Considered to be one of the foremost of the robber barons
in the middle to late 1800's.
Born on a farm in Roxbury, New York and taught himself the basics of surveying. By the time he reached the age of 21 he had prepared several county maps, written a local history and saved about five thousand dollars, a large sum at the time. Between 1856 and 1860 he operated a tannery but the call of Wall Street enticed him to join a brokerage house. Prior to his joining the brokerage, he had made some modest and what turned out to be profitable investments in several local railroads.
In 1867, Daniel Drew, treasurer and longtime director of the Erie Railroad added Gould and one James Fisk to the Erie board of directors. Enter the infamous Cornelius Vanderbilt of New York Central fame. When he sought to buy control of the Erie Railroad, the battle was on. Gould, Fisk, and Drew quickly issued thousands of shares of new, watered down stock. In reaction, Vanderbilt obtained an arrest warrant for all three of them. Not to be deterred, they shifted the company headquarters to Jersey City in order to avoid arrest. Gould convinced the state legislature in Albany (probably through some well placed bribes) to go ahead and authorize the stock. Eventually they settled with Vanderbilt but rumor has it that he was heard to mutter that his tribulations and dealings with Gould "has learned me never to kick a skunk".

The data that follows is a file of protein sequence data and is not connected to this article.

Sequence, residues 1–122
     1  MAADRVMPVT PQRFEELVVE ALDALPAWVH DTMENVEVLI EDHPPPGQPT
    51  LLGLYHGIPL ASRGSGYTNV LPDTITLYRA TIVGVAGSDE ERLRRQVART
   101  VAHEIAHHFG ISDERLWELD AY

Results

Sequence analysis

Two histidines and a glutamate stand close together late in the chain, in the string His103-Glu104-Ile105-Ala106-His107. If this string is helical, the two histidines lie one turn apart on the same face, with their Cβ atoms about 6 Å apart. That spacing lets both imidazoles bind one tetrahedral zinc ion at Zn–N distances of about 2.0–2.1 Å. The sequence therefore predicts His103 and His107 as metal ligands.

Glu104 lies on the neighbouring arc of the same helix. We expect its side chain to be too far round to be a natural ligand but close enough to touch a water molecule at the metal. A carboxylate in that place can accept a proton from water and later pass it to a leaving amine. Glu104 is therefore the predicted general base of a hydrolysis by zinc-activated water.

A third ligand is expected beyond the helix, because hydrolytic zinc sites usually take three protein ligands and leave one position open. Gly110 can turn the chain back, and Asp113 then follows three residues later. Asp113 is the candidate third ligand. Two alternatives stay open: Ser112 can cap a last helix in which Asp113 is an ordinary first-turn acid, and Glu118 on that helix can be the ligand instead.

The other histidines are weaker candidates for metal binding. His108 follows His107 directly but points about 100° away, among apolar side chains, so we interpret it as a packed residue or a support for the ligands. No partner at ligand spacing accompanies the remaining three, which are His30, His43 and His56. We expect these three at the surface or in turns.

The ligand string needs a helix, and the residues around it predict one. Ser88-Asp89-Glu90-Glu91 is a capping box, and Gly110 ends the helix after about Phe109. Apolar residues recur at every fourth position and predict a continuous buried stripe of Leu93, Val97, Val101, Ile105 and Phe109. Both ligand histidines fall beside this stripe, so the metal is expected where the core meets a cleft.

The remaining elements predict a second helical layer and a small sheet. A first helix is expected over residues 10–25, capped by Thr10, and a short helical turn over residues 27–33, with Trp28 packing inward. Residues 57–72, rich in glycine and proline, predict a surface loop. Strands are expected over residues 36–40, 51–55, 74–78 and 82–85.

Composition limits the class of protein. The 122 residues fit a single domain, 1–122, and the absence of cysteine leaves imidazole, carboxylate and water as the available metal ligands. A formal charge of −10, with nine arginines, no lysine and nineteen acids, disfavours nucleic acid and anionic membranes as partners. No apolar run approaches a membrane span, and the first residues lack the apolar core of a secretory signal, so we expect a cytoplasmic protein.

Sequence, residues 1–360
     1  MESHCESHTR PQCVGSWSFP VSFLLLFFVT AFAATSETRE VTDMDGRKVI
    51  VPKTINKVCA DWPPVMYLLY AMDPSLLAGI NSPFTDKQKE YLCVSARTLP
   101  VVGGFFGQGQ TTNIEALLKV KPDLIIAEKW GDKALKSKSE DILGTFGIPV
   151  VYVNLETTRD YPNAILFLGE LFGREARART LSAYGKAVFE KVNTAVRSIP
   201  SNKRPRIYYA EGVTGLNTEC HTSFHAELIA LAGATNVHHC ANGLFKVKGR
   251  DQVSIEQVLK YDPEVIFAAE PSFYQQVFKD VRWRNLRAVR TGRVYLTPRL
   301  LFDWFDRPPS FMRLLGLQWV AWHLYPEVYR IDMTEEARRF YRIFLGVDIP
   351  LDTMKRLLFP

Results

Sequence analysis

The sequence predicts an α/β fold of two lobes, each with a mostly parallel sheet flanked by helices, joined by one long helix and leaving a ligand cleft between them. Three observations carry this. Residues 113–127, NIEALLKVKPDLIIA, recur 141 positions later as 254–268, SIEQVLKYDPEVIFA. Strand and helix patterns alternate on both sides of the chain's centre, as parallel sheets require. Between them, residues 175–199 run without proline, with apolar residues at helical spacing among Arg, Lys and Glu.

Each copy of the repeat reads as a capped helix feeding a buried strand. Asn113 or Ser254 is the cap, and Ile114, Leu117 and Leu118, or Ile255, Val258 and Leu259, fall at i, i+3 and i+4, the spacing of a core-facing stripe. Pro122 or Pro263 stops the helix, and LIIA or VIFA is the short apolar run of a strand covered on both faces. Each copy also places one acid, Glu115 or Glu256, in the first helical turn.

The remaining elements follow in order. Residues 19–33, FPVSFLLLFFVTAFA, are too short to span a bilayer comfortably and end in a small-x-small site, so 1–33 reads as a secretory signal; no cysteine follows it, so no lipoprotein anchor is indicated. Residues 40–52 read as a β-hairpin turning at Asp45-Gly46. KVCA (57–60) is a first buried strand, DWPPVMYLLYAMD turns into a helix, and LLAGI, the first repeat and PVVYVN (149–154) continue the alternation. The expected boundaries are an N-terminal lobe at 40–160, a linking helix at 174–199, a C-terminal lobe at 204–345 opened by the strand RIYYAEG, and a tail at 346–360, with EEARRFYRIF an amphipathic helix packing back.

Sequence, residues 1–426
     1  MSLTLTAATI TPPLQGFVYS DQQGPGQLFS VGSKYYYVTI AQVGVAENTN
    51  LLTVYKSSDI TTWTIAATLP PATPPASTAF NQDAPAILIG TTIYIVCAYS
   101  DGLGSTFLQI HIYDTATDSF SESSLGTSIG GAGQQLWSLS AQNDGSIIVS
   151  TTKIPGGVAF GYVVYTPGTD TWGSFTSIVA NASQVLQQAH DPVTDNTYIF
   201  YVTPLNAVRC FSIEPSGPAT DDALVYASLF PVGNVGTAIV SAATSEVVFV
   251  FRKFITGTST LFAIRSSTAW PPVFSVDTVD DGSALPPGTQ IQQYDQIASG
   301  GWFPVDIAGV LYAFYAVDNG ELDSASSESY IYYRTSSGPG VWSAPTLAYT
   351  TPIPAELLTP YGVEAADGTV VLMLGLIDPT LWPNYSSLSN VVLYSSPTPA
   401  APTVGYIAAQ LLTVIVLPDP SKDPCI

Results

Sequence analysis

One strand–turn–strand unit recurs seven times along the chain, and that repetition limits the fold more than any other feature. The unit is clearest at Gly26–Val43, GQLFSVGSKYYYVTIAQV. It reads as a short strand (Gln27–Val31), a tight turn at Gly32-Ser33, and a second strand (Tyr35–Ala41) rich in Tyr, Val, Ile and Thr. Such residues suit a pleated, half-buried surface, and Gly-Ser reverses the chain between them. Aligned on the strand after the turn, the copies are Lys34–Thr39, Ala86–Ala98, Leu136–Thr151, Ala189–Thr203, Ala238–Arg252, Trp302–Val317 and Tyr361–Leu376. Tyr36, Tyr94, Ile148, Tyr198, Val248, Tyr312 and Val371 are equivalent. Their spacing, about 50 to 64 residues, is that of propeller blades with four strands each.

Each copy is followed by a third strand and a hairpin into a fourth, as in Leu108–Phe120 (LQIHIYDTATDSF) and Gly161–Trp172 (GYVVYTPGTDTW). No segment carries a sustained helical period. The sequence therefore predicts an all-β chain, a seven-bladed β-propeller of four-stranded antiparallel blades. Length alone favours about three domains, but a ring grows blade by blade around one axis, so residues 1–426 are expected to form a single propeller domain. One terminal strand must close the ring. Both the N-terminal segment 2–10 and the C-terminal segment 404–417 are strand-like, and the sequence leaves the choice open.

Not one to miss out on a perceived opportunity, Gould and Fisk conspired with the brother in law of President Ulysses S. Grant to corner the gold market. This caused what is/was called Black Friday on September 24, 1869. All the while, Gould continued to loot the Erie until he left in 1872. His reputation was intact as one of the premier financial predators of the age.
Gould, possessing a fortune, now aimed his sights westward, his target, the railroads. In the twenty or so years after 1872 he was a director in seventeen major lines and the president of five. He had purchased much of the available Union Pacific stock and controlled their roads until 1878. At first, Gould brought some management improvement to Union Pacific but later blackmailed them. He threatened to have his Kansas Pacific Railroad build a competitor/nuisance line to Utah thereby stealing some of Union Pacifics routes.
Gould also maintained major holdings in an around New York, owning the New York World and major investments in New York City's elevated railroads and several large telegraph companies, including Western Union.
In the last years of his life, Gould suffered from tuberculosis and died of the same at the tender age of 57. Its estimated he left a fortune of about 77 million to his six children.